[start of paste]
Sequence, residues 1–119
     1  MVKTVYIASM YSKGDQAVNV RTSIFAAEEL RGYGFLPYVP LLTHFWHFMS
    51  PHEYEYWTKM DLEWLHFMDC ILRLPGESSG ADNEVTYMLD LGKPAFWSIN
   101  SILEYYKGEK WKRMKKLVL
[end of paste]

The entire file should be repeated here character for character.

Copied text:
Sequence, residues 1–119
     1  MVKTVYIASM YSKGDQAVNV RTSIFAAEEL RGYGFLPYVP LLTHFWHFMS
    51  PHEYEYWTKM DLEWLHFMDC ILRLPGESSG ADNEVTYMLD LGKPAFWSIN
   101  SILEYYKGEK WKRMKKLVL